Top 5 Disadvantages Of Cloud Computing While cloud computing and storage is a great innovation in the field of computing, However, there are certain things that you need to be cautious about too. Some may say that there are no down sides to cloud computing, but users should not depend too heavily on these services. Although you may find all you need with a particular service, you have to consider the security and portability it offers and also make contingencies should the service be terminated abruptly. Moreover, an online service is more prone to threats than your PC. Having said that, however, most would agree that with cloud computing, the good outweighs the bad. The main disadvantages are Security and Privacy, Dependency (loss of control), Cost ,Decreased flexibility ,Knowledge And Integration. 1.Security & Privacy The biggest concerns about cloud computing are security and privacy. 2.Dependency (loss of control): 3.Cost Higher costs. 4.Decreased flexibility 5.Knowledge And Integration.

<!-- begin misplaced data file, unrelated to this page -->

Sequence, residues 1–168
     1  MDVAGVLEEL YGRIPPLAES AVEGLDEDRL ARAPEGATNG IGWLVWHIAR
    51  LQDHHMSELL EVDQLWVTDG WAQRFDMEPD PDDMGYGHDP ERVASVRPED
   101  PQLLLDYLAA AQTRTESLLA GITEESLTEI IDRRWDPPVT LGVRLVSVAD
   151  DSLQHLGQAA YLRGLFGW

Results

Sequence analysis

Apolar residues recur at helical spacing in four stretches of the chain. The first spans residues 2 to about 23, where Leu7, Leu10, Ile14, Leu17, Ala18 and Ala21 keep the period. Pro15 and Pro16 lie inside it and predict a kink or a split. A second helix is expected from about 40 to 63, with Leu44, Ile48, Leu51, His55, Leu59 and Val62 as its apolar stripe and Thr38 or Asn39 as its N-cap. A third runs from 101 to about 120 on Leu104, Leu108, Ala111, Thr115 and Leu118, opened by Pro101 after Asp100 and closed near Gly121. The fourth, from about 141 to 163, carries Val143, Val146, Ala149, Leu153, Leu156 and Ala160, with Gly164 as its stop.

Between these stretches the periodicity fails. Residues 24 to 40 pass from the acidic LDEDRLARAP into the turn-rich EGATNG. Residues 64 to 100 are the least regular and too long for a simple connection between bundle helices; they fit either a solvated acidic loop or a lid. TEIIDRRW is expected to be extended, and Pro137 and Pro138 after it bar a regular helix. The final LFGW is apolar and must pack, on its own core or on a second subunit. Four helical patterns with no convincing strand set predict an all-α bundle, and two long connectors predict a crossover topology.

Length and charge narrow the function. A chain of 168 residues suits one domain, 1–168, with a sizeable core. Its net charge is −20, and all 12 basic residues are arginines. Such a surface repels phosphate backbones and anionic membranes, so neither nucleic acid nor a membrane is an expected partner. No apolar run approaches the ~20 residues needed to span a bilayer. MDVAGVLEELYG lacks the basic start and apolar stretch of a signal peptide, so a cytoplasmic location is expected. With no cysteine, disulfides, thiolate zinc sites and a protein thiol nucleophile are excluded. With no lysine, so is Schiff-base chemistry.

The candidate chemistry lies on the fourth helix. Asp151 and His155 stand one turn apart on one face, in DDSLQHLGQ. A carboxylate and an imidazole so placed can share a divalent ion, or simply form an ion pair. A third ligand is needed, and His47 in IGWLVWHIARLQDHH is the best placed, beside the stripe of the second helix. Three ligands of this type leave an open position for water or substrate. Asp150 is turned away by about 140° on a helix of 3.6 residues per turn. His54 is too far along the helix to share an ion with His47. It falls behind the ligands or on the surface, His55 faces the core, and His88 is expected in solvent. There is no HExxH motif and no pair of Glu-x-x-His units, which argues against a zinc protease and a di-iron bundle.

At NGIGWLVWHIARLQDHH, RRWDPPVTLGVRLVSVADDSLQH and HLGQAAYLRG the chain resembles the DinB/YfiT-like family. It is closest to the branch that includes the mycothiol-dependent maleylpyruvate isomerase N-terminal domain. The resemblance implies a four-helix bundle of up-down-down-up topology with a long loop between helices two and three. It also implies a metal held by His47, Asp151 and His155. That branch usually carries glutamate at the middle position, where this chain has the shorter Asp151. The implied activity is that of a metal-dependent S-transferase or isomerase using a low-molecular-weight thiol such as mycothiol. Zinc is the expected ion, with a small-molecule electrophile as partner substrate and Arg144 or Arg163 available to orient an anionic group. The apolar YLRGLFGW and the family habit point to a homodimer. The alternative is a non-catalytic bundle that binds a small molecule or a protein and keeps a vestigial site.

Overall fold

Russell Group record on free school meal pupils revealed On average each Russell Group university admits just 64 of the poorest young people per year, as measured by those receiving free school meals A written Parliamentary answer from David Willetts, the universities and science minister, has revealed how many state school pupils in England “with free school meals at age 15” progressed to Russell Group institutions. The answer states that for the 24 institutions now in the Russell Group, the number of free school meal pupils “in HE by age 19” was 1,580 in 2009-10 and 1,540 in 2010-11, the most recent figures available. For 2010-11, that works out at an average of 64 for each university. For the University of Cambridge the total of free school meal pupils admitted was 25 in both years, while for the University of Oxford the total was just 15 in both years, according to Mr Willetts’ answer. The Department for Education said in 2012 that 18 per cent of 4 to 15-year-old pupils in maintained schools were registered to claim free school meals.